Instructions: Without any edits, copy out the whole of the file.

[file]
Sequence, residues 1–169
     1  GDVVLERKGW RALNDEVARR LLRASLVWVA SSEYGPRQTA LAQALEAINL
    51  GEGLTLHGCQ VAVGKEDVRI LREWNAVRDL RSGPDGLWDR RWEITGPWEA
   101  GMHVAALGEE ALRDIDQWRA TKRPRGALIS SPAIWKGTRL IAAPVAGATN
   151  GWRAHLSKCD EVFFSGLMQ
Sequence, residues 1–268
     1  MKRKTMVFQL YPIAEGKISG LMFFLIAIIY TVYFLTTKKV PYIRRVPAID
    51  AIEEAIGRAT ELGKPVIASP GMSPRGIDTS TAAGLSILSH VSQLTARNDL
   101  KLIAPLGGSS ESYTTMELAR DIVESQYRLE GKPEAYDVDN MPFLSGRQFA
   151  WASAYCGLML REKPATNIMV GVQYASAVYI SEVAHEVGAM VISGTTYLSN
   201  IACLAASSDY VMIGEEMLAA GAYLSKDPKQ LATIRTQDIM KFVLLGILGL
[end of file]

Sequence, residues 1–169
     1  GDVVLERKGW RALNDEVARR LLRASLVWVA SSEYGPRQTA LAQALEAINL
    51  GEGLTLHGCQ VAVGKEDVRI LREWNAVRDL RSGPDGLWDR RWEITGPWEA
   101  GMHVAALGEE ALRDIDQWRA TKRPRGALIS SPAIWKGTRL IAAPVAGATN
   151  GWRAHLSKCD EVFFSGLMQ
Sequence, residues 1–268
     1  MKRKTMVFQL YPIAEGKISG LMFFLIAIIY TVYFLTTKKV PYIRRVPAID
    51  AIEEAIGRAT ELGKPVIASP GMSPRGIDTS TAAGLSILSH VSQLTARNDL
   101  KLIAPLGGSS ESYTTMELAR DIVESQYRLE GKPEAYDVDN MPFLSGRQFA
   151  WASAYCGLML REKPATNIMV GVQYASAVYI SEVAHEVGAM VISGTTYLSN
   201  IACLAASSDY VMIGEEMLAA GAYLSKDPKQ LATIRTQDIM KFVLLGILGL